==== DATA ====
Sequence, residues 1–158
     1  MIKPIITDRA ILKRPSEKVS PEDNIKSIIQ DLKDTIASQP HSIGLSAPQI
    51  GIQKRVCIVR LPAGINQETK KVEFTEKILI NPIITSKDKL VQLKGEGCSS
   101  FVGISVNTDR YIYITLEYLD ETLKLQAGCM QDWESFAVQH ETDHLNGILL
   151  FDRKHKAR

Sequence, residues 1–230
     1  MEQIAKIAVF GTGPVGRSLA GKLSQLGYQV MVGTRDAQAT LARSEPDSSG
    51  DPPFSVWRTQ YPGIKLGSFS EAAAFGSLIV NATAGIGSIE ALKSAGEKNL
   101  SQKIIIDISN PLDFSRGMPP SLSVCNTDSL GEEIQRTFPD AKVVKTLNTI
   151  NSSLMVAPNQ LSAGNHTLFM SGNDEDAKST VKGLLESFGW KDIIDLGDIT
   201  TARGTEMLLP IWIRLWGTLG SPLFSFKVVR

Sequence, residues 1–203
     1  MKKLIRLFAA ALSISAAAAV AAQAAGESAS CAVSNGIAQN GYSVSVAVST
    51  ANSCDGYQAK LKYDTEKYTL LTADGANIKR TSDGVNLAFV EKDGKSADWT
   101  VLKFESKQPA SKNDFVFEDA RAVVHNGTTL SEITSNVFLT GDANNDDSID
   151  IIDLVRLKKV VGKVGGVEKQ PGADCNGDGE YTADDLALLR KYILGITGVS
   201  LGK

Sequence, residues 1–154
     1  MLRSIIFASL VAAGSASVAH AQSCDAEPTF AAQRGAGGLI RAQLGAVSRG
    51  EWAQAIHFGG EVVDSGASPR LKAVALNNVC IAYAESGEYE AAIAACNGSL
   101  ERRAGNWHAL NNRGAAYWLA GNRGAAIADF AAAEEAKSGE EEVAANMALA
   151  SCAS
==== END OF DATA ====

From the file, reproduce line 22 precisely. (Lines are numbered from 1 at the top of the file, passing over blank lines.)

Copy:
   151  SCAS